Teach football to Chinese kids is different because they develop different cognitive skills and sometimes they didn’t receive a good football education. What was your approach, had you to change some training system parameter to adapt the situation?
What I noticed is that the understanding of the football is not good. They like to watch football, play football, but they have some difficulties to understand it. When I arrived my players never tried the area marking, something that in Europe is very normal. Also the organization on the field is very difficult for them. In the beginning, I tried basic tasks and rules to understand what they need to do when their mate is in some positions on the field: “if this happen, this players need to do this”. Always small things but every time more and more. This way, they could improve their understanding. Another difference is that Chinese players have a difficult approach to the transition. If they lose the ball, or they get the ball they don’t see immediately the spaces to attack. Another difference is that Chinese players are late developers: Good Europeans will be ready to play and train with the first team around the age of 18. While in China it is more common around 20 years old.
Now you are at Sichuan Jiuniu Football Club, in thrid division. You are the match analyst of the team. Is this something new for Chinese player the MA?
I don’t know for other clubs, but for Jiuniu’s players it was the first time they tried something like this. Before they used to watch 90 minutes of the game of the opponents. Now, we organize meetings with the players, show them some videos about the game. The coach tells me what he wants to see of our previous game, positive and negative things, then we receive the opponent’s video and I work on it to show our players in detail how our opponents play. Not so much longs videos, and not too many information, but very specific. One day before the game we have another meeting, where we show videos about how we want to play and how we can get advantages on our opponent.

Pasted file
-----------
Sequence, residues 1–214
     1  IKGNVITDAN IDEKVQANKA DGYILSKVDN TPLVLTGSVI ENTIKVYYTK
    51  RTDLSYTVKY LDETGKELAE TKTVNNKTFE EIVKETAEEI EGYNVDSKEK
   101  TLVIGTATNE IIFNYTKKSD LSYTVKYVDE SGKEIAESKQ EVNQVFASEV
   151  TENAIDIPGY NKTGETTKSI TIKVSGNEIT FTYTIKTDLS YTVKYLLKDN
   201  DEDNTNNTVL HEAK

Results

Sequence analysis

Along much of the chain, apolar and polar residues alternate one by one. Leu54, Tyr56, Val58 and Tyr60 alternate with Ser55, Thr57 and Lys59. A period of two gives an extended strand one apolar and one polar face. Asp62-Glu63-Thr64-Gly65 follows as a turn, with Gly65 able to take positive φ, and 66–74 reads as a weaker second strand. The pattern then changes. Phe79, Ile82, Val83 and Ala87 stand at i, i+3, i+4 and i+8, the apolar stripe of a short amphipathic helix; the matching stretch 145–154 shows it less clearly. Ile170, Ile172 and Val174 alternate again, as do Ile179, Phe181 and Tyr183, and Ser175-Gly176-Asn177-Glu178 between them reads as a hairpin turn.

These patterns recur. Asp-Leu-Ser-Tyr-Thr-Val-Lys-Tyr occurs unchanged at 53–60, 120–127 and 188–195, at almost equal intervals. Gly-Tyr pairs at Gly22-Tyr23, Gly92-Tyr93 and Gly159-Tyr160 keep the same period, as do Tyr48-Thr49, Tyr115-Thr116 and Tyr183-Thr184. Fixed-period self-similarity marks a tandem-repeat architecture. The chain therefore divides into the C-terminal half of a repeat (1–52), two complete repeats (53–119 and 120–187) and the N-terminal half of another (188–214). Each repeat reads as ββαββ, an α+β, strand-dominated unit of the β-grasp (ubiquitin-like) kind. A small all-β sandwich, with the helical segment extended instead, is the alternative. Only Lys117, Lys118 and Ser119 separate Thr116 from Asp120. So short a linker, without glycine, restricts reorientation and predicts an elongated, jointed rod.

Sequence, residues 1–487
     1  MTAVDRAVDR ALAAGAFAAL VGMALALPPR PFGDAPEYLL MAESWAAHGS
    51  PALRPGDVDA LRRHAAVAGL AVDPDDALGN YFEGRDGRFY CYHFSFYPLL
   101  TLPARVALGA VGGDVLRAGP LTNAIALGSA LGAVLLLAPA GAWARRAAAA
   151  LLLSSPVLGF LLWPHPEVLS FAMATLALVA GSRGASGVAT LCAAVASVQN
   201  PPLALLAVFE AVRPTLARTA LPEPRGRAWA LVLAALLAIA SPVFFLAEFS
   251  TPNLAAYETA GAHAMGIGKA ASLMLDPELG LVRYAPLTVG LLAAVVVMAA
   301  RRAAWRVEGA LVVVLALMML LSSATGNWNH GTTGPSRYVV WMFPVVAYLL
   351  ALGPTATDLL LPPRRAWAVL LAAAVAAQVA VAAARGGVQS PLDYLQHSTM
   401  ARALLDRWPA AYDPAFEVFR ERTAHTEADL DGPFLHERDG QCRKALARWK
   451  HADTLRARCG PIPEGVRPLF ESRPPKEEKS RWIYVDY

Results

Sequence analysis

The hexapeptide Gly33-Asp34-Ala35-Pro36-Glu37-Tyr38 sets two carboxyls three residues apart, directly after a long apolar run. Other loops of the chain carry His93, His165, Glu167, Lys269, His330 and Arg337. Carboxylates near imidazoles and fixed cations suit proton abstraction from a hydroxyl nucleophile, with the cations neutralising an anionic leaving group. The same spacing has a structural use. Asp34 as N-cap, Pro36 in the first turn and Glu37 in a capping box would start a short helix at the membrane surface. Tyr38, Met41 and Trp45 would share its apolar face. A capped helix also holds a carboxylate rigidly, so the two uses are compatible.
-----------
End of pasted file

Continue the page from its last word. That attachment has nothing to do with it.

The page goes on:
The team moved from Zigong to Chengdu. What about the environment and supporters?
We recently moved to LongQuanYi Stadium, is one of the few football stadiums without a track field around it, so it is used only for football like in Europe. This is nice, and fans are very close to us, they are very active. It’s a good environment to play football. In the first game there were more then 8.000 supporters, but it is not always like this in League Two. For example when we played in Shanghai there were only 100 supporters for the local team.
China League Two doesn’t allow signing foreign players. Do you think that one or two foreign players can improve the quality of the league and also Chinese players?
Allowing foreigners will be an improvement to the level of the league. It will make the league more attractive but this also mean Chinese players will play less. The main thing to improve the level of players is by playing matches and making good trainingIf we allow foreigners to the league it will make the league more attractive but this also mean Chinese players will play less. It’s better on the long term to not add (too many) foreigners to the league
What about this season?
We are in the middle of the table now as a neopromoted club, we are very happy about this result, but we hope to get more points in the next games as the club is quite ambitious and we want to reach the top 4. Till now we have been working good, we also reached the quarter finals of the Chinese FA Cup, but now is time to get more points in the league.